Last season, head injuries accounted for almost a quarter of all ski injuries sustained on the slopes but a recent study has found that only 42 per cent of British skiers plan to wear a ski helmet next season. The survey, which was conducted by Ski Club of Great Britain and Ski Republic, a ski and snowboard equipment hire company, also found that of the 17,500 head injuries sustained last season, 7,700 injuries and 11 deaths could have been avoided if a helmet had been worn.
The findings follow the high-profile death of the British actress Natasha Richardson , who died in March after sustaining a head injury during a skiing lesson at the Mont Tremblant Resort, in Quebec. Richardson, who died aged 45, had not been wearing a helmet at the time of the accident.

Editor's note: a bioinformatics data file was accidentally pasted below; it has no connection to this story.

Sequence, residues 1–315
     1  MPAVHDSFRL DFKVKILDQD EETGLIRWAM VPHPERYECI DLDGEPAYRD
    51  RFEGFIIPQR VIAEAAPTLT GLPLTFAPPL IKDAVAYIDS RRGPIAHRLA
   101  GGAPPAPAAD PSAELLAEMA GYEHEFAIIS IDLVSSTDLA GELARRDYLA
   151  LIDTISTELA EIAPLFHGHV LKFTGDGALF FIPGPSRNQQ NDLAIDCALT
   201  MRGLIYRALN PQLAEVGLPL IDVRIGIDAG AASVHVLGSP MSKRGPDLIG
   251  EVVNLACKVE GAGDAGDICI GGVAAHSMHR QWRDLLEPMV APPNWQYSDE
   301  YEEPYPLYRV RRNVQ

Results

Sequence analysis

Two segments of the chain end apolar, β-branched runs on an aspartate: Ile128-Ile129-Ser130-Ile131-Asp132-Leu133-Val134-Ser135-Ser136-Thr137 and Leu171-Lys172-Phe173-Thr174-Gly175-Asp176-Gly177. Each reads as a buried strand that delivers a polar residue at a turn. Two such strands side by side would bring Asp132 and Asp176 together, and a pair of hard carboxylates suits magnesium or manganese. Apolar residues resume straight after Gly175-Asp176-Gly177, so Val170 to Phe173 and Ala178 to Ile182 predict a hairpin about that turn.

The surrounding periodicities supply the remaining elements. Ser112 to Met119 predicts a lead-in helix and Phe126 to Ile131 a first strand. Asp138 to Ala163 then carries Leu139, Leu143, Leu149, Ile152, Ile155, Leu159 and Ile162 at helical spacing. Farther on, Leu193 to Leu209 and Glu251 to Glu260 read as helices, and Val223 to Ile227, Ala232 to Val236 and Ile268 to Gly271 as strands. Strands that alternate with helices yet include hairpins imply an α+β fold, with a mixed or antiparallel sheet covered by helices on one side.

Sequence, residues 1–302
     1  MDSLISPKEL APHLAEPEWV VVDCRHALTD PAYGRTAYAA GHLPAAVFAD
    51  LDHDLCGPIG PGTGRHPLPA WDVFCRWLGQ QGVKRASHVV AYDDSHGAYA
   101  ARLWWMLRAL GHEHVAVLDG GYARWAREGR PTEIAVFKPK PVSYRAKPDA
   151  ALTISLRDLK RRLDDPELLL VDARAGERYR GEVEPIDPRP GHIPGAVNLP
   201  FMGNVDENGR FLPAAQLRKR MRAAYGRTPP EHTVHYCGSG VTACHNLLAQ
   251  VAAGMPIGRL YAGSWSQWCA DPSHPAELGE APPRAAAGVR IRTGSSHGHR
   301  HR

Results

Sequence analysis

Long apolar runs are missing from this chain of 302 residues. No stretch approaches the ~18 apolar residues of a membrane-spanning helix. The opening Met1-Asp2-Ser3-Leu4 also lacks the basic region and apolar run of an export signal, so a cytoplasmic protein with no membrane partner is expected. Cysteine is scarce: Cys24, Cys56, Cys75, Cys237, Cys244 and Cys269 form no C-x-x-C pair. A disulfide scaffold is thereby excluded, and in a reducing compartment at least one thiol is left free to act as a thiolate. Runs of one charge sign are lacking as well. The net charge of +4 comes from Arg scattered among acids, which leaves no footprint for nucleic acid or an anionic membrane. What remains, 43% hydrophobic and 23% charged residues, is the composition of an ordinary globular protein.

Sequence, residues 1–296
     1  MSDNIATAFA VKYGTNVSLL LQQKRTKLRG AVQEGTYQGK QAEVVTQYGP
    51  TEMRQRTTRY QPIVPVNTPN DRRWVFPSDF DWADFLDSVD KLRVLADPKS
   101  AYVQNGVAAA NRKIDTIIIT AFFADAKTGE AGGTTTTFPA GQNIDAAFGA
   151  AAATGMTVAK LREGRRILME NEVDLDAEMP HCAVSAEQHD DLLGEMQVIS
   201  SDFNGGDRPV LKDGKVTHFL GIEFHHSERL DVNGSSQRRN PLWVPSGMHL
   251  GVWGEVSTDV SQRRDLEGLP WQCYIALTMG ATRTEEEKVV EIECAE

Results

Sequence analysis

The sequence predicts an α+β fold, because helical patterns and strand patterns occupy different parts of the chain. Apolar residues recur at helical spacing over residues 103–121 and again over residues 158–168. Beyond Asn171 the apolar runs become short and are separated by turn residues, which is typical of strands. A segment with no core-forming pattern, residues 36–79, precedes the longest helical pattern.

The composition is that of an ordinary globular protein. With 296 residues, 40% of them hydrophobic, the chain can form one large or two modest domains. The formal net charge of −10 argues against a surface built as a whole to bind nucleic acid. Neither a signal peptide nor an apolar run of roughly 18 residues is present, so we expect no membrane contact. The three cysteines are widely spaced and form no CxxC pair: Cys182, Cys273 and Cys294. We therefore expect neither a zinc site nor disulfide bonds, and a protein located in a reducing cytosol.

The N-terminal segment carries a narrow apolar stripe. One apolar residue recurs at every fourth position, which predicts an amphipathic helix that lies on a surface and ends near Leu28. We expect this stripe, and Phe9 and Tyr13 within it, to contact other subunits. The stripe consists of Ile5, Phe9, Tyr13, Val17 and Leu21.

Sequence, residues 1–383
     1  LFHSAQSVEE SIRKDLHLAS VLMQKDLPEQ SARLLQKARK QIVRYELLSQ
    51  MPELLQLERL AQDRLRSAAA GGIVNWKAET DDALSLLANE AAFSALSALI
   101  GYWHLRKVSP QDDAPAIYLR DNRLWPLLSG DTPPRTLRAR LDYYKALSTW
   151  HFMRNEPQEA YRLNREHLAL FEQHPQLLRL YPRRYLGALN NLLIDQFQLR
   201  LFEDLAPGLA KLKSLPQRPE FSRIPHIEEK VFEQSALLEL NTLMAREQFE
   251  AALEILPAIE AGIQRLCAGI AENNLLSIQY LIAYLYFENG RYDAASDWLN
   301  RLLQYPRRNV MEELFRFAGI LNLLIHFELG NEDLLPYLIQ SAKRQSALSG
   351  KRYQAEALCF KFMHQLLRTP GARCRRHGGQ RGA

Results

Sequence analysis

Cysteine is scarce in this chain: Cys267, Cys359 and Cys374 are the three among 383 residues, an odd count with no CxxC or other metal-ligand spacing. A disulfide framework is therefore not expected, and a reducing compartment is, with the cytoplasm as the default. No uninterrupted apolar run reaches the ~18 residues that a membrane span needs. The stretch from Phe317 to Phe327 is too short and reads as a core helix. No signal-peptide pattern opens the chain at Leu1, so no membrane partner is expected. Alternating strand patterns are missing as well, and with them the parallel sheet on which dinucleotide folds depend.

Last season, the Austrian government introduced a law requiring all children under the age of 14 years to wear a helmet on its ski slopes after the death of Beata Christandl, a 41-year-old mother of four, who died after a high-speed collision on the slopes with Dieter Althaus, a German politician. Mr Althaus, who was later found guilty of involuntary manslaughter for his role in the fatal acccident, had been wearing a helmet at the time of the accident but Ms Christandl had not.
Recent research in Canada and Sweden has found that snowboarders are up to four times more likely to have an accident on the slopes than skiers, while men are more likely to get injured than women. A poll conducted by Telegraph Travel earlier this year found that only 39 per cent of British skiers wear a ski helmet on the slopes.